Speculation aside, there is one place where a marijuana tax is a reality: Oakland, Calif., which taxes sales of medical marijuana at 9.5 percent, the same rate as other goods in Alameda County. (Technically, 20 states require a tax stamp for marijuana sales, but the purpose of that policy is merely to add tax evasion to the list of penalties for drug dealing.) Additionally, the dispensaries pay a 1.8 percent business-receipts tax, as well as payroll taxes, to the city. Richard Lee, president of a "marijuana business school" called Oaksterdam University, says dispensary owners gain legitimacy by paying taxes. "The more we pay, the more the city needs us and wants us," he says.
Still, even a pro-tax professor at a marijuana business school has his limits. When Oakland proposed an even higher business-receipts tax, Lee and other dispensary owners balked.
Jeffrey Miron, a Harvard economist and proponent of broad drug decriminalization, suggests that we look to alcohol and cigarette taxes as a model for a potential cannabis tax. Even with so-called "sin taxes" of up to 90 percent of the total price, illegal markets, once widespread, account for a tiny fraction of total sales. Miron warns that initial marijuana taxes at such a level "would just be a total mess" due to the expansiveness of the black market and ease of growing marijuana at home. Instead he recommends starting with a low tax—perhaps at 25 percent of the total price—and then gradually increasing it.
Of course, these relative numbers beg the question: What will the initial, untaxed price be? According to Lee, marijuana averages about $300 per ounce in the Bay Area (and the bill currently under consideration in the slate Legislature would tax pot at $50 per ounce—far higher than Oakland's dispensaries are paying now). A few reform advocates have tried to crunch the numbers. Dale Gieringer, who coordinates NORML's California branch, estimated in 1994 that free-market, untaxed pot would cost just 5 cents to 10 cents per joint, a potency-constant measure. Even adjusted for inflation, that's still at least 100 times cheaper than today's marijuana prices, according to Gieringer.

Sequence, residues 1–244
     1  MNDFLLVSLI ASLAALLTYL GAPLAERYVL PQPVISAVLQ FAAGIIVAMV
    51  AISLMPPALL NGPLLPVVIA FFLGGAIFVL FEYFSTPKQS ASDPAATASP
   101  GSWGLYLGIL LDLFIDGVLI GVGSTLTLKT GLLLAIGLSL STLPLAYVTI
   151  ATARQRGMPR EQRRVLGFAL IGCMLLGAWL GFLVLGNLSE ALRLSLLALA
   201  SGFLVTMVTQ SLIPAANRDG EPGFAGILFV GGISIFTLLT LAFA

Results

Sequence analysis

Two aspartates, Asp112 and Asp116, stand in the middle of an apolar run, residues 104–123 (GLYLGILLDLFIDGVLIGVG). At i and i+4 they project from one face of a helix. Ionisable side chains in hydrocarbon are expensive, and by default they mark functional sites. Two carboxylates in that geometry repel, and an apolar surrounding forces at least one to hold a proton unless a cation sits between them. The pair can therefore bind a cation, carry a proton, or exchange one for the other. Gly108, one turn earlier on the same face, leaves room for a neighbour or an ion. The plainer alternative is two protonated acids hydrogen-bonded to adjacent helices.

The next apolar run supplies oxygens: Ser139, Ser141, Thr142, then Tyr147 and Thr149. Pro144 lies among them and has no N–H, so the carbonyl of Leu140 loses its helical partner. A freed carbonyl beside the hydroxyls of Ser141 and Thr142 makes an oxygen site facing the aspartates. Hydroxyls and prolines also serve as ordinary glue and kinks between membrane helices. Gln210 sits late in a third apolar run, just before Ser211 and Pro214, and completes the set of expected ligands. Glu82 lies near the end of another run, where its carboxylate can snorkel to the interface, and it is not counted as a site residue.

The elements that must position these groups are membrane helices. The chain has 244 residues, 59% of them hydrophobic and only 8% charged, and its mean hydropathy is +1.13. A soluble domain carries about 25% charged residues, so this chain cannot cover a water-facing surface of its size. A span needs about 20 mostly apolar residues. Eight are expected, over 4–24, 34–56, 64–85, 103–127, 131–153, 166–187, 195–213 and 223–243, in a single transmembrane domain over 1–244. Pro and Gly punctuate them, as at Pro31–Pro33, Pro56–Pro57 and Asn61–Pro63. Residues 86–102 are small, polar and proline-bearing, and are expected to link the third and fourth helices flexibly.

But if history and the proposed soda tax are any guide, marijuana may end up among the most expensive intoxicants. Federal and state health departments have been "nudging" the public for decades to reduce the demand for tobacco, which has decreased roughly 4 percent for every 10 percent increase in price. Politicians and economists defend these Pigovian taxes as balancing the public health costs of cigarettes, as they would for marijuana. (Much of this argument would depend on whether legalizing marijuana causes a rise or a decline in alcohol consumption.)
A steep excise tax would particularly infuriate libertarians, a critical constituency of the reform movement. The general tenet that "the government shouldn't be meddling with our minds, shouldn't be trying to nurture our behavior" extends to marijuana, says David Boaz, executive vice president of the Cato Institute and a former NORML board member.
Whatever they do, governments that tax marijuana will have to balance a trio of related goals—reducing budget deficits, eradicating the black market, and improving public health. Inevitably, one goal will get the short end of the spliff. Harvard's Miron predicts that governments will give priority to reducing deficits in the current round of pot-reform debates. It's not the best argument for legalization, says Miron, who has estimated that U.S. governments could save almost $13 billion annually if they no longer arrested, prosecuted, or imprisoned marijuana buyers or sellers. But in an era of falling tax revenue, it may be the most effective one.
By Jeremy Singer-VinePosted Wednesday
June 10, 2009, at 6:31 PM ET